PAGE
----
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Whisky Educator & Journalist | Whisky Tastings by Ray Pearson

A Tour Around Scotland & Through Her Distilleries

Jun. 4th, 2010 | Comments 0 | Make a Comment   
Fine Scotch: Let's take a look at traveling around Scotland, visiting some of the key distilleries in each of the various whisky regions of the country. Regional variations have always been a basic way of describing the primary aroma and flavor attributes of specific whiskies. For instance, a novice to the enjoyment of single malt whiskies might wish to explore the lighter, more fragrant and floral whiskies distilled in The Lowlands or Speyside, rather than begin with the powerful, peaty and smoky whiskies of Islay.

As with any tour, a map is a good place to start. Over the years, I have seen as many as eight or nine whisky distilling regions identified, but for this trip, we're going to visit four: The Lowlands, The Highlands, Speyside, and Islay (pronounced "eye - luh").

Our tour begins in Edinburgh, which is located in The Lowlands whisky region. A quick drive to the village of Pencaitland brings us to the Glenkinchie Distillery. Lowland whiskies - there are only about three currently active distilleries here - are sweet, delicate, floral and herbal in aroma and flavor - very similar to the landscape with its farms and gentle terrain. A broad swing to the southwest brings us to Bladnoch Distillery in Wigtown. Bladnoch has recently come back on line once again producing spirits after several years of dormancy. The Lowlands part of our tour ends just outside Glasgow at Dalmuir, where the Auchentoshan distillery can be seen from the busy A-9 highway.

The next leg of our tour takes us past Loch Lomond to the coast where we catch the "CalMac" (Caledonian MacBrayne) Ferry to Islay. This island is home to seven active distilleries, most known for their bold, briny, peaty, smoky aromas and flavors. Some people even detect medicinal tones to the aroma. Water sources for most of the distilleries on the island flow through peaty aquifers, providing additional peat influences to the whisky, in addition to that which has been burned in the drying process of the barley. Islay single malts include Laphroaig, Lagavulin, Ardbeg, Bowmore, Bruichladdich ("brook loddie"), Bunnahabhain ("bun a hav inn"), and Caol Isla ("kull eela").

Back on the mainland, we are in the largest of Scotland's whisky distilling regions: The Highlands. So vast and diverse (for whisky making) is the region that it is generally broken down into sub-regions such as West Highlands, Central Highlands, etc. While on the west coast, we visit Oban Distillery, one of the very few distilleries to be located in an urban setting, right in downtown Oban! A short drive north to Fort William brings us to the Ben Nevis Distillery, located on the outskirts of the city, at the base of Scotland's tallest mountain. Driving northeast through the Scottish Highlands, we come to Dalwhinnie. At just over 1000 feet in elevation, Dalwhinnie is Scotland's highest distillery above sea level and lies in a vast valley surrounded by rugged mountains.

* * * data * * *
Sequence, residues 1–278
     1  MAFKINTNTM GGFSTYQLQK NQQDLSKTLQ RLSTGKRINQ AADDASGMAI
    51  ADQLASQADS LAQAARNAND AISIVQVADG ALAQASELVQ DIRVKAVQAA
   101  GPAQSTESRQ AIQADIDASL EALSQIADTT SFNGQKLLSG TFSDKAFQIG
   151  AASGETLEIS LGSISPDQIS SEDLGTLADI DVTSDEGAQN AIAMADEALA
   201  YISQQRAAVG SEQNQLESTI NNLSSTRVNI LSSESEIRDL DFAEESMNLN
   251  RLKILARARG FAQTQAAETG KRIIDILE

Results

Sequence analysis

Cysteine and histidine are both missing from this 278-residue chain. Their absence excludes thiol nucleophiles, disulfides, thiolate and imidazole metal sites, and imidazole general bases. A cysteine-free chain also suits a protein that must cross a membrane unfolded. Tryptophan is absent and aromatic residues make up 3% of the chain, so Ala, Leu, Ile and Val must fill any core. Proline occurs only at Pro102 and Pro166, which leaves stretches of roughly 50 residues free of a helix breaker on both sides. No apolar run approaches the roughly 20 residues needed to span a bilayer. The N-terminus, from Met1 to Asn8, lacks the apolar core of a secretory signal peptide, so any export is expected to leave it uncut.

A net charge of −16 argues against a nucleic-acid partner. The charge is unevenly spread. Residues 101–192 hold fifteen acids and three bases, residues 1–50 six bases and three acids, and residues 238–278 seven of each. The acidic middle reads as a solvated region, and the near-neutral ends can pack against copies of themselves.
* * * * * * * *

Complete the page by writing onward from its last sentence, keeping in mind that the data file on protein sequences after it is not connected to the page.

A short drive east from Dalwhinnie brings us to the fabled Speyside area of The Highlands. About 80% of the world's best known and best selling single malts are from this area. Speyside is to Scotland what the Napa and Sonoma regions are to California's wine industry - a concentration of producers in a relatively small area. Driving through Speyside is driving through a Scottish geography lesson: it seems like each river has a distillery named after it! We pass distilleries sharing their names with the rivers Devron, Dullan, Fiddich, Livet, and, of course, the Spey itself. Although vast in area, The Highlands and Speyside whiskies generally exhibit profiles of spiciness, honey, fruitiness with complexities of both aromas and flavors.

We end our tour of Scotland's distilling regions at The Glenfiddich distillery in Dufftown. One of the few distilleries to still offer a free dram at the end of a distillery tour, Glenfiddich was the first distillery to open its doors to the public - forty years ago. Here, the World's Most Awarded Single Malt Whisky is made in time honored, traditional methods. As we leave the distillery in a moderate downpour, our tour guide leaves us with a hearty "Och - a fine day for whisky making"!!

Read The Full Review on Visiting Scotland's Auchentoshan & Bowmore Distilleries or see the Photo Essay
Read the Full Review on Bowmore Islay Single Malt Scotch
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